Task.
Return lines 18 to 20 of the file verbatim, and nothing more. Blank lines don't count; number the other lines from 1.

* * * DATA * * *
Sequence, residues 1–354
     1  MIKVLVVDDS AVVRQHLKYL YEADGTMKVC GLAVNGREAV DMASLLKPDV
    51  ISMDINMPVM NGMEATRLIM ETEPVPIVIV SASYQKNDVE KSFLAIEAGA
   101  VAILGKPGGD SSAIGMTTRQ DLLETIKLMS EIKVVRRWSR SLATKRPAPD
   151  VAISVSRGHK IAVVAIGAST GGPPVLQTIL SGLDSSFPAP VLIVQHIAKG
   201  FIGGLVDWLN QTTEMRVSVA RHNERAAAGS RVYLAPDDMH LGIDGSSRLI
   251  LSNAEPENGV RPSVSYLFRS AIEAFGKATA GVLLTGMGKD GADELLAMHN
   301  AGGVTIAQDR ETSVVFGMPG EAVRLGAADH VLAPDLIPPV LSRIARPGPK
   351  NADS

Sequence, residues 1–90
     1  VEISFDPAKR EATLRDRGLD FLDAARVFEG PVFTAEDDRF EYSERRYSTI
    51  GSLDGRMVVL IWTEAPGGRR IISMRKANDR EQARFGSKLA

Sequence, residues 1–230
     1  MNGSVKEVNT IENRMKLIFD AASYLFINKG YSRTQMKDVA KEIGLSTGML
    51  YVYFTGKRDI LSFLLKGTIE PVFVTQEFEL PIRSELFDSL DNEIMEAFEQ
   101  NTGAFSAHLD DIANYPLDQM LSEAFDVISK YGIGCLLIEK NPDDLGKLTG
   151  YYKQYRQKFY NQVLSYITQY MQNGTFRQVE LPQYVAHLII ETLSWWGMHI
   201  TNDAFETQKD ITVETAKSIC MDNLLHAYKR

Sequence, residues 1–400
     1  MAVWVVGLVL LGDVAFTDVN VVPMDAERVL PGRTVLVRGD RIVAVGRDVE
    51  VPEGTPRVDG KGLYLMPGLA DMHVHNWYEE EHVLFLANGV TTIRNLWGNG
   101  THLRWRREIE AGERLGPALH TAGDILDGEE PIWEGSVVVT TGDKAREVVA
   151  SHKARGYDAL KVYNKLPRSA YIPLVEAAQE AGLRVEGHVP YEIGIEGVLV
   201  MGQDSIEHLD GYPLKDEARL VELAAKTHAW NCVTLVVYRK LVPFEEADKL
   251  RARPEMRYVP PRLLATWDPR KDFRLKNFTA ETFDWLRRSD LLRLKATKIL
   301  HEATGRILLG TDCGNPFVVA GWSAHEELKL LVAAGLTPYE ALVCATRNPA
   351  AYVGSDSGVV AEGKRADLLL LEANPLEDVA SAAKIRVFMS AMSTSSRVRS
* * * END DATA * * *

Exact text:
   201  TNDAFETQKD ITVETAKSIC MDNLLHAYKR

Sequence, residues 1–400
     1  MAVWVVGLVL LGDVAFTDVN VVPMDAERVL PGRTVLVRGD RIVAVGRDVE